production (PROD,) minus local consumption (CONS,) minus ending stocks
(ENDS,).
4.
Empirical results
Apart from identities, the simulation model utilized for this study consists of
126behavioural equations. For the purpose of this paper only the absolute and
percentage effects (impact multipliers) of a 10 percent increase in the world
376
Agrekon, Vol4S, No 4 (December 2006)
Meyer, Westhoff, Binfteld & Kirsten
price, simulated under alternative market regimes, will be illustrated and
discussed. Before the empirical results are discussed the regime switching
mechanism, which allows the model to switch automatically between various
model closure techniques (depending on the market regime) is explained.
The trigger mechanism for the alternative model closures of each commodity
is based on import and export parity price levels. When the model is solved
and the iteration process starts, it begins with the domestic price set to the
average of the import and export parity price solving using the near-autarky
closure. The model then solves under near-autarky until the prices that are
solved in the iteration process move into the import or export parity band at
which stage the model switches to the new closure technique. The inclusion of
the regime switching technique increased the number of iterations necessary
for the model to reach equilibrium in all markets sharply.
In order to calculate impact multipliers (Table 1), the first step is to generate
baseline projections under a combination of different trade regimes in the
grain markets. The purpose of this study, three combinations where identified
that are required to construct basic price and trade impact multipliers that
portray the most important relationships between domestic and world prices,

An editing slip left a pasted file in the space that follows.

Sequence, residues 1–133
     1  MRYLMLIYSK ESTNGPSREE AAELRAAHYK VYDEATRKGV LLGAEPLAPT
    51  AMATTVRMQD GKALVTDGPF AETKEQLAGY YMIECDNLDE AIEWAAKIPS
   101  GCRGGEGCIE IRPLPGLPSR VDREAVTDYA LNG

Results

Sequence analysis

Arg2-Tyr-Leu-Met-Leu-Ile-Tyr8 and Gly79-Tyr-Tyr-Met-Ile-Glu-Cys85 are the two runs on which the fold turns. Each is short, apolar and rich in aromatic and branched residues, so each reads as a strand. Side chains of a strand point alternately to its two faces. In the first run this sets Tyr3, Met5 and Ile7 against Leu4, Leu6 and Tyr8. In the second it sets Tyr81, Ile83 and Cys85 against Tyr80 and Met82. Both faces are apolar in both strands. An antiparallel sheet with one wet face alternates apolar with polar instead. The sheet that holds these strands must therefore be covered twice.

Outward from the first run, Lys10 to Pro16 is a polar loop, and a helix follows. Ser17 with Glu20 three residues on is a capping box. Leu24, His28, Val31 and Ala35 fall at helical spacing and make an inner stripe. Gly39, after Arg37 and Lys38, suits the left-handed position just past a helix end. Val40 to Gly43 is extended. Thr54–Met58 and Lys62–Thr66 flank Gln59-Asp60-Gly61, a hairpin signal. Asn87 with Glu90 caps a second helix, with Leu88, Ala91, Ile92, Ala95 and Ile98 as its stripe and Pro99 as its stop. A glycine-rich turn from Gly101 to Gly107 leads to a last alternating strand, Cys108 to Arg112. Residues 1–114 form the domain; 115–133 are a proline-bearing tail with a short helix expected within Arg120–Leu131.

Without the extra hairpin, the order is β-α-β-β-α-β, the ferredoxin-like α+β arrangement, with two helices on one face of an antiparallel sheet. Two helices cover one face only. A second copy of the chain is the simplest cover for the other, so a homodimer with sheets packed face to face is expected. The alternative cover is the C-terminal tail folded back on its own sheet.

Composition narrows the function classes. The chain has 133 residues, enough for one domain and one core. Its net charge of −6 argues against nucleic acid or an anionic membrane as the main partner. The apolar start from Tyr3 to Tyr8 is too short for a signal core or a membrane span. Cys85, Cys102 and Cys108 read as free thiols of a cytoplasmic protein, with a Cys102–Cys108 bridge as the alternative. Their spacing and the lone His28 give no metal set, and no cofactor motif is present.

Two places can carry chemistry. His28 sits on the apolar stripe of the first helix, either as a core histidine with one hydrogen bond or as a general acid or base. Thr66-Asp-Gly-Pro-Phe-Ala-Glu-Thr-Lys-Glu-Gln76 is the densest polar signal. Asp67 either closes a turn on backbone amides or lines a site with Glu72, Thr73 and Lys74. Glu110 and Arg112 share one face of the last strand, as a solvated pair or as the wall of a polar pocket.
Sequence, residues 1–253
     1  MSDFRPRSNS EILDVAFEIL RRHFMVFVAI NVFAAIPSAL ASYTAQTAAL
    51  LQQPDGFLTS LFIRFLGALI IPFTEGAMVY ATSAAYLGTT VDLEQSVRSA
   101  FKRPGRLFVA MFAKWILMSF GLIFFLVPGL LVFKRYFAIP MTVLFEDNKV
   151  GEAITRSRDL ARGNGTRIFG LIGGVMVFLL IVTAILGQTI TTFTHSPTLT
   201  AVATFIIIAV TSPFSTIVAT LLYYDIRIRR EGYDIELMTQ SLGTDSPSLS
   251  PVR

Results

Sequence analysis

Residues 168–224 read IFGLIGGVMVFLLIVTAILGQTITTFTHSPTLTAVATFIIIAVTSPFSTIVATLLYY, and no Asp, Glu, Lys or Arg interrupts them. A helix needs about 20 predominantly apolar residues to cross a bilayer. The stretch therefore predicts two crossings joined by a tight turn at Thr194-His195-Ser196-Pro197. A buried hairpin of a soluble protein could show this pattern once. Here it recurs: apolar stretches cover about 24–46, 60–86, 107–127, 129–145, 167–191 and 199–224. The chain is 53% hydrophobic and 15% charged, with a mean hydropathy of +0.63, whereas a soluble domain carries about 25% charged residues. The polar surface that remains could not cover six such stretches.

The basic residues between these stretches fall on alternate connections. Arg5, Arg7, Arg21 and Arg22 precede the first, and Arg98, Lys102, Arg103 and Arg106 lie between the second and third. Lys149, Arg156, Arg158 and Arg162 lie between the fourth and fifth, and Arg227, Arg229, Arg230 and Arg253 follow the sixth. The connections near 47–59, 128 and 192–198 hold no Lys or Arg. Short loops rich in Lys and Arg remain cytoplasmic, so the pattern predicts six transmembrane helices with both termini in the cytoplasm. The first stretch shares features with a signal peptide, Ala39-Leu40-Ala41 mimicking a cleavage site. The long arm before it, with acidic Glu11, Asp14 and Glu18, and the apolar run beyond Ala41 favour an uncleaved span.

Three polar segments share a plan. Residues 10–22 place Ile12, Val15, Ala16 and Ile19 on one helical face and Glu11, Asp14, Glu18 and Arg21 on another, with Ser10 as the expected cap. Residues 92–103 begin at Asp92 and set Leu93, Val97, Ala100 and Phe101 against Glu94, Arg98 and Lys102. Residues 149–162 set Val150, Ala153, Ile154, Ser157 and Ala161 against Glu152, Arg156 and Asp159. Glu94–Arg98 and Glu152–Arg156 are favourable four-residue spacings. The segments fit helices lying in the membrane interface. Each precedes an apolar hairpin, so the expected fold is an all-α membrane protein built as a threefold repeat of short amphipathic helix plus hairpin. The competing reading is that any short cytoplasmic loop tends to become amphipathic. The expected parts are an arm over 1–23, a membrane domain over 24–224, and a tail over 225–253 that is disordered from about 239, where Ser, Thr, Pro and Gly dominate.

and trade flow. These combinations are based on the number of regimes that
each market can trade under. The three combinations are:
.
.
.
White and yellow maize trade under import parity, wheat trades under
import parity.
White and yellow maize trade under autarky, wheat trades under
import parity.
White trades under export parity, yellow maize trades under autarky,
and wheat trades under import parity.
The actual table was developed by conducting a range of scenario analyses.
The impact of a 10 percent increase in world prices on the domestic prices and
trade flow is calculated by comparing the scenario results to the baseline. If the
world price shock for each grain is applied to the three different regime
combinations one by one, it implies that six scenarios will be analysed. Table 1
presents the results of the impact multipliers for each of the scenarios. The
"baseline" columns represent the basic projections for the 2005/06 production
season for trade flow and prices under the three alternative market regimes.
The absolute and percentage deviations from the baseline projections due to
377
Meyer, Westhoff, Binfte/d & Kirsten
Agrekon, Vo/45, No 4 (December 2006)
the 10 percent increase in world prices are illustrated by the "Absolute" and
"%" columns.
Table 1:
Price and trade impact multipliers
regimes, 2006
Near-autarky
..
c:
:=
..
IICI
White Maize
719.2
Exports
139.0
Imports
Producer Price 1044.7
Yellow Maize
245.7
Exports
201.5
Imports
Producer Price
885.6
Wheat
167.8
Exports
648.4
Imports
Producer Price 1576.2
under alternative market
Im ort pari
:=
Ex ort parity
:s
'0
:=
..
.. ..,
IICI
<
1
38.6
-11.1
. 67.4
5.4
-8.0
6.5
0.0
722.3
1324.1
1.6
-8.2
30.0
0.7
-4.0
3.4
0.0
0.0
1650.2 -137.7
11027 123.2
5.4
-43.3
125.8
3.2
-6.7
8.0
..
..
'0
IICI
0.0
0.0 1806.5
-76.1 -10.5
0.0
133.7 10.1 639.5
118.1
0.0
85.4
6.5
0.0
13.4
0.0
-8.3
11.2
Important to note is that Table 1 does not present the ordinary single-equation
multipliers, but rather impact multipliers that reflect a full model response to a
shock. Results clearly show that there exists a higher level of integration
between domestic and world grain markets under the import/export parity
regimes than under near-autarky. This clearly iIlustrates how a shift in